[First posted in AWOL 21 March 2011. Updated 8 September 2013]
"Aoidoi" is classical Greek for "bards," like Homer, or just "poets." This site is dedicated to the study of ancient Greek poetry from the Epics to Anacreontics. Most of the work is directed at producing versions of Greek poems with vocabulary, grammar and dialect notes for beginners.
Meter and Recitation
- For the confused beginner, Greek Dialects - Where to Start
- Lesbian Aeolic.
- Choral Doric
- Bucolic Doric
- A general introduction to Greek meter (PDF)
- In Some Comments on the Epic Caesura I give a possible origin for the heroic hexameter, and then analyze the first 21 lines of Iliad A with special attention to the caesura.
- In Reciting the Heroic Hexameter I present one way to recite hexameters. The PDF has links to MP3 examples.
- The Error of Caragounis, a summary of some problems with C. Caragounis' notion that Ancient and Modern Greek are pronounced identically.
- A reference: Words with Digamma in Epic.
- Which word shapes go where: Localization in the Hexameter. On pp.53-57 of Chad Bochan's notes on iambic comp are localization tables for iambic trimeters.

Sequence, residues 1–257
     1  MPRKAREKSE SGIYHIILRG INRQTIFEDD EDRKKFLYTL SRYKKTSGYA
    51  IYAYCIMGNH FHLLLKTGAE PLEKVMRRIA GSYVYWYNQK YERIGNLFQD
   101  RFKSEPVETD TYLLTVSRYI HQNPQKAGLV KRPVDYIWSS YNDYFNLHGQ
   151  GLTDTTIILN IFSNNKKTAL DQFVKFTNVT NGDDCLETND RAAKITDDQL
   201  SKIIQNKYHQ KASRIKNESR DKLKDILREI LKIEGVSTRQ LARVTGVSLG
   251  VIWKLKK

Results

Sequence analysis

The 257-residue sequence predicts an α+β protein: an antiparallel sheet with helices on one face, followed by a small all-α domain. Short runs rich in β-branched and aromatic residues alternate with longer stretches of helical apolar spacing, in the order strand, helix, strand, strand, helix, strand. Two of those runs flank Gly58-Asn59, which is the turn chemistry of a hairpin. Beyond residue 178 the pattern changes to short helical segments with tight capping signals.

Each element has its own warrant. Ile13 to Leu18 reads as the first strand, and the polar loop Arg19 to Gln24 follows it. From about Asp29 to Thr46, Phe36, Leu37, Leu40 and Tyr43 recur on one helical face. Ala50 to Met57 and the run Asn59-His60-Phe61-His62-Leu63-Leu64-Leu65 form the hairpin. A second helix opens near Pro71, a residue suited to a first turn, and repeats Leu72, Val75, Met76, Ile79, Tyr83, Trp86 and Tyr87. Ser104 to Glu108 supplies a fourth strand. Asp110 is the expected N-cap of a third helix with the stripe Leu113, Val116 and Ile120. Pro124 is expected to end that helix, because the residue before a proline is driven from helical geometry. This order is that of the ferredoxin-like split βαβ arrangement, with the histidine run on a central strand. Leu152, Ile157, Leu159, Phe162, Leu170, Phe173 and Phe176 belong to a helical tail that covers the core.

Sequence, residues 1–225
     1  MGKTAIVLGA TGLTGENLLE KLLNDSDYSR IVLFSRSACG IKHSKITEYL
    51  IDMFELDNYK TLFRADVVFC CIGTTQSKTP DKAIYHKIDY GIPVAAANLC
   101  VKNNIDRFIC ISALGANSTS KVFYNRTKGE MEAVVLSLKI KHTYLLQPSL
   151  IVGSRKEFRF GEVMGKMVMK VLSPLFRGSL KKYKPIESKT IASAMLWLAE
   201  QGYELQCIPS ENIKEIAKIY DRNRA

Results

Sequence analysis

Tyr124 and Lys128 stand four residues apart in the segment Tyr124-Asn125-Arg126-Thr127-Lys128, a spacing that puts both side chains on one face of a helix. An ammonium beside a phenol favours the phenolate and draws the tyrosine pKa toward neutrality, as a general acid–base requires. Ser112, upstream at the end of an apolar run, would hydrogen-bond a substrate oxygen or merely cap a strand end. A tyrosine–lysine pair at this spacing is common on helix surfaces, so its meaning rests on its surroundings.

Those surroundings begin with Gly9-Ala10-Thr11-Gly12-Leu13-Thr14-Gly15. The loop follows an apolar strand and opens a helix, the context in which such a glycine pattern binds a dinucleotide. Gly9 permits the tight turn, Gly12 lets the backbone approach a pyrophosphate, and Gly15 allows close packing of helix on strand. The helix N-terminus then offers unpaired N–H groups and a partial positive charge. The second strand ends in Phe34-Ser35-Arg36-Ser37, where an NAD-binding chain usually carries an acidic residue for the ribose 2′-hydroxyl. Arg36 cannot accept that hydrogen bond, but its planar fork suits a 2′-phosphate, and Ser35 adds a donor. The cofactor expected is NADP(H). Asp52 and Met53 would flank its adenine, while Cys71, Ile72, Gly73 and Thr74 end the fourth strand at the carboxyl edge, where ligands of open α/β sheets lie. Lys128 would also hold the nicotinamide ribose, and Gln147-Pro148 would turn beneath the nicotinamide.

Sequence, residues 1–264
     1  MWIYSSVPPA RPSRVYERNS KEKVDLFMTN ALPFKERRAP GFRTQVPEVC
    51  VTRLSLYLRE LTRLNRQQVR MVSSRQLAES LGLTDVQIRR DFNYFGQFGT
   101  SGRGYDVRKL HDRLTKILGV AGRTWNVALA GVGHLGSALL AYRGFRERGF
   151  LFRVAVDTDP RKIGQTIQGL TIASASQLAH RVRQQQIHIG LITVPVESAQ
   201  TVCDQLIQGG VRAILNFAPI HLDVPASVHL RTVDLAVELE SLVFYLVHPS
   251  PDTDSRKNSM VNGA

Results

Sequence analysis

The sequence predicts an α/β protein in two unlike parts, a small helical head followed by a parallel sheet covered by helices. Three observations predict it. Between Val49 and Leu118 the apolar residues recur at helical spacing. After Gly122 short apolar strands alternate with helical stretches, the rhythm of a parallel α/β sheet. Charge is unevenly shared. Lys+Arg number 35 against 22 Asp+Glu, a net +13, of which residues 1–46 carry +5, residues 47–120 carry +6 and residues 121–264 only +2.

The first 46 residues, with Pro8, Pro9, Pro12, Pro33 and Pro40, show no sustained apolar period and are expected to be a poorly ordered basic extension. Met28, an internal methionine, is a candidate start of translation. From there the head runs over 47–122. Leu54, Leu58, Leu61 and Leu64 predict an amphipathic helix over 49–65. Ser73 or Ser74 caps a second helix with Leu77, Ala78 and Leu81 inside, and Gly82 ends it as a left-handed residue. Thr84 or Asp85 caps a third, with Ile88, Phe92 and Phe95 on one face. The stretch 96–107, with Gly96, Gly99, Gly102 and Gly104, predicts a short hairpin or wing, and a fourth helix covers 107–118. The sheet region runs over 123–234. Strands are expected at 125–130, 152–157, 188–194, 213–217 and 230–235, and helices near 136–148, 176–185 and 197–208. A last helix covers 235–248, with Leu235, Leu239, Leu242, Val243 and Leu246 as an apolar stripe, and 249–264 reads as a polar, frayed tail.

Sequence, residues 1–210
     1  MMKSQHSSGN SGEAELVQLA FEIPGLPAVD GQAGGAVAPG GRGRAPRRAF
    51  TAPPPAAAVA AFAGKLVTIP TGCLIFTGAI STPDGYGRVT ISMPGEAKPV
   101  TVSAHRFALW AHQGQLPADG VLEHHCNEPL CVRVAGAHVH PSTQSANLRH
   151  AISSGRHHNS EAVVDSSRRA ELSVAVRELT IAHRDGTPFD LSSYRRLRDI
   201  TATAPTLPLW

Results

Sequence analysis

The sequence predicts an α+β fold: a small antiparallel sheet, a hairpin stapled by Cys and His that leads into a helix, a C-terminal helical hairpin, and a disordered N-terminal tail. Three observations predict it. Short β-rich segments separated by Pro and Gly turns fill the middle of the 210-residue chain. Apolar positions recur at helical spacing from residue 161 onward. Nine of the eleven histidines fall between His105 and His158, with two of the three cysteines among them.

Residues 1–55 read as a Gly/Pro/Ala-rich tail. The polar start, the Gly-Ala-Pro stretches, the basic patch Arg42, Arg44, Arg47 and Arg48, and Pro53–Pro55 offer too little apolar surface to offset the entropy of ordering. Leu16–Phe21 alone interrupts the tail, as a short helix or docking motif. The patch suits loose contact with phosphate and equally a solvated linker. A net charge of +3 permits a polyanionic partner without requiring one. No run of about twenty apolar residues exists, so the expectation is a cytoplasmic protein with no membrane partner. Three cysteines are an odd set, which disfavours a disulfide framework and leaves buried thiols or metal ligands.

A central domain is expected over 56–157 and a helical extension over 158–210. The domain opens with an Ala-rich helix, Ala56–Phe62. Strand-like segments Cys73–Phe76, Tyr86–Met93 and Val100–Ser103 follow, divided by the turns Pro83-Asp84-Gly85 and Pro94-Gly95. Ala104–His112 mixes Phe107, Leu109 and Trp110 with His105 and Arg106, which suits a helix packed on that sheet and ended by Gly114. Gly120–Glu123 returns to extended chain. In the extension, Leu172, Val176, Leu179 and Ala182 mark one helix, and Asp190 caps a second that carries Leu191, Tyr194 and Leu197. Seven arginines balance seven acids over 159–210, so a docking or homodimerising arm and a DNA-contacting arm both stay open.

Meta - About Aoidoi.org
- Anacreon and Anacreontics
- To Dionysus.
- Anacreon 358.
- Anacreon 395.Anacreontic
- 7 (6B). To himself "The women say 'you're old, Anacreon.'"
- 21 (21B). Drink up!
- The Greek Anthology
- The Shield of Achilles, Iliad 18.478-608, by Nicholas Swift.
- Homeric Hymns
- Sappho 1: To Aphrodite
- PMG 976: "Insomnia"
- "Some Say," Sappho 16
- "He's lucky as the gods," Sappho 31
- "Chase after the beautiful gifts of the Muses," Sappho 58
- "As when the moon outshines the stars," Sappho 96
- Simonides of Ceos
- Theognis 1-4, to Apollo
- Theognis 5-10, also to Apollo
- Theognis 11-14, to Artemis
- Theognis 133-142, on the limits of human action.
- καὶ τὰ λοιπά — random works that don't fit elsewhere